Two people who were reported killed in a plane crash on Monday emerged alive from rugged Montana wilderness Wednesday, authorities said.

The two U.S. Forest Service (search) employees reached a highway after making their way on foot through mountains in northwestern Montana, said Denise Germann, a spokeswoman for the Flathead National Forest (search).

The pair turned up one day after both the Flathead County sheriff and the Forest Service had announced their deaths. Three others died in the crash.

"Initially we thought there were no survivors, but now there are two," Germann said.

Jodee Hogg, 23, of Billings, and Matthew Ramige, 29, of Jackson Hole, Wyo., walked away from the crash site and were spotted by a road Wednesday afternoon, Germann said.

Hogg was listed in stable condition at Kalispell Regional Medical Center (search). Ramige was flown to Harborview Medical Center in Seattle for burn treatment.

Flathead County Sheriff Jim Dupont had said Tuesday that it appeared all five people on board the small plane died on impact. The crash also started a fire.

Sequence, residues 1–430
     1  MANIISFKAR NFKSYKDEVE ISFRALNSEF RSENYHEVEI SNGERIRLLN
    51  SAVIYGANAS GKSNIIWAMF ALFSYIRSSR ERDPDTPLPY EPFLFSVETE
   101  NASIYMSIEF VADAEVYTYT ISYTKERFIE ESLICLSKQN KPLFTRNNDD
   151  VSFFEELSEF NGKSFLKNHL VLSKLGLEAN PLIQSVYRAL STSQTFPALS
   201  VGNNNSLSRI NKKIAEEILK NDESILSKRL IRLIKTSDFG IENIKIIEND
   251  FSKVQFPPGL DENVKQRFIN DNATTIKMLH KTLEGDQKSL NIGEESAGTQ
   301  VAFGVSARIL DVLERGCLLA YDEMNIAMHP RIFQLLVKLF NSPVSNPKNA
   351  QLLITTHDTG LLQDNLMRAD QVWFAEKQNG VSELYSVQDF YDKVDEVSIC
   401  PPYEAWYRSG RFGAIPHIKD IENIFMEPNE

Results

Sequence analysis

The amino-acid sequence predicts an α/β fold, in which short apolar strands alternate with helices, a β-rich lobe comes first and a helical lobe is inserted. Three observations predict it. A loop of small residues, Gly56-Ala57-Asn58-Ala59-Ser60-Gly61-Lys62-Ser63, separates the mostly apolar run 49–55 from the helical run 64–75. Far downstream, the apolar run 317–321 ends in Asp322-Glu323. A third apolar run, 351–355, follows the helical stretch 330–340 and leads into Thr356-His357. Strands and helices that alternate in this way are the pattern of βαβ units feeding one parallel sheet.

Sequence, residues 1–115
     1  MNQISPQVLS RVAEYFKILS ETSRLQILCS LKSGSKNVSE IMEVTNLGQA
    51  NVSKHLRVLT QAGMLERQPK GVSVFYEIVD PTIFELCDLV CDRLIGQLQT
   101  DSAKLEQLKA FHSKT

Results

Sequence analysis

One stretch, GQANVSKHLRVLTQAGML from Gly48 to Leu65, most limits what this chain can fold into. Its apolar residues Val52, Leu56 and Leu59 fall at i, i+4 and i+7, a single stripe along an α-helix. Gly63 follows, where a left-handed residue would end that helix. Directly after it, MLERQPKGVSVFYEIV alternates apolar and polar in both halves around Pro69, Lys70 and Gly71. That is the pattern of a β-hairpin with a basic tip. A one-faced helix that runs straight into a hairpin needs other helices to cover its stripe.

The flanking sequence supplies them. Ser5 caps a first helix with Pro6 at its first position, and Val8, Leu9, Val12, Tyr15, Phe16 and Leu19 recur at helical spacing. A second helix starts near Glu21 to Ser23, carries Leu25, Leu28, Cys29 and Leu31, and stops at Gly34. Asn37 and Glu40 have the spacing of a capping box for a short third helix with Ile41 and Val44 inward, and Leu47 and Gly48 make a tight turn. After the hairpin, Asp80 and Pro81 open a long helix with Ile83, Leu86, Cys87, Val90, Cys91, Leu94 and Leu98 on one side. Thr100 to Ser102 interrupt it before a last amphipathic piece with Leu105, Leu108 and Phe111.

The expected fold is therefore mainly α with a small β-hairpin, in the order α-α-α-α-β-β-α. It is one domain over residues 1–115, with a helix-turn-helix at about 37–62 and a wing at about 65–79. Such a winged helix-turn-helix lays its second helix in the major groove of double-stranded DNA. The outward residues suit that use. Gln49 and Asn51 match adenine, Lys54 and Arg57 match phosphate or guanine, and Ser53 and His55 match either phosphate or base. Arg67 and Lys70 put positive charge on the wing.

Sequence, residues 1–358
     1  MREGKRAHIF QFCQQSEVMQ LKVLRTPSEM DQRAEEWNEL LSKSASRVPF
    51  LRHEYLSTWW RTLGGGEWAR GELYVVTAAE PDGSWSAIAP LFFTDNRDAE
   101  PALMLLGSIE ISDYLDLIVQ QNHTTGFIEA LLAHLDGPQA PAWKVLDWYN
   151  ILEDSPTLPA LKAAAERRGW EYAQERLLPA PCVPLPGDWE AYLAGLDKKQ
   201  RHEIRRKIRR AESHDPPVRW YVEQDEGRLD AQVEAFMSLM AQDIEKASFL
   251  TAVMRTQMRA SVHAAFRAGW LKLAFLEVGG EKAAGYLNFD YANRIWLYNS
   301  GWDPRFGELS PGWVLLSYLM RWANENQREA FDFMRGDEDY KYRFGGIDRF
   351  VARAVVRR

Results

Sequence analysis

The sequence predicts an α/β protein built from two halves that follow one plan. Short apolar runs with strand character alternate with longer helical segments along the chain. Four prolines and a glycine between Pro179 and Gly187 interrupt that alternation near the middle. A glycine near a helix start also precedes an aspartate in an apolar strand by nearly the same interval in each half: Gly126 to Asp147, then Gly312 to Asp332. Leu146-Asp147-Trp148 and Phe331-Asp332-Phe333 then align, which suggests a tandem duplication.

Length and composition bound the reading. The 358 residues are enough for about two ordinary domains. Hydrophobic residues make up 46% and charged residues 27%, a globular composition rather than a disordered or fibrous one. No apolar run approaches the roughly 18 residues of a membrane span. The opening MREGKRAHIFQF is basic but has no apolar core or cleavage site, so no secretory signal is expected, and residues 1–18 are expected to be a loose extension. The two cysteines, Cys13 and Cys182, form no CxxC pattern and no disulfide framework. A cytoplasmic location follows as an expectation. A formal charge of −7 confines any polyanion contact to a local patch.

Jim Long, 60, of Kalispell was piloting the plane. Also on board were Ken Good, 58, of Whitefish, an employee of the Flathead National Forest, and Davita Bryant, 32, of Whitefish.

Hogg, Ramige and Bryant were assigned to the Forest Service's Rocky Mountain Station in Fort Collins, Colo., but worked out of the station's office in Ogden, Utah.

"Can you imagine these families?" asked Bob Bryant, father-in-law of Davita Bryant. "They've been told their kids are dead. And now they are resurrected," he said in an interview with The (Kalispell) Daily Inter Lake.

Linda Woods of Whitefish, a friend of one victim and survivor Ramige, said she had helped organize a group to search for survivors but their offer to help was declined Tuesday. "There were 100 people waiting in Whitefish to do this. It's possible we could have been very useful and saved some people some suffering," she told the newspaper.

"Last night, we sat on the couch and cried instead of being out hiking and searching. And we just accepted what we were told," she said.

The plane crashed en route to a grass landing strip at Schafer Meadows Guard Station, near the Middle Fork of the Flathead River in the Great Bear-Bob Marshall Wilderness Complex.

The four workers aboard the plane intended to conduct an annual vegetation inventory and repair telecommunication facilities, Germann said.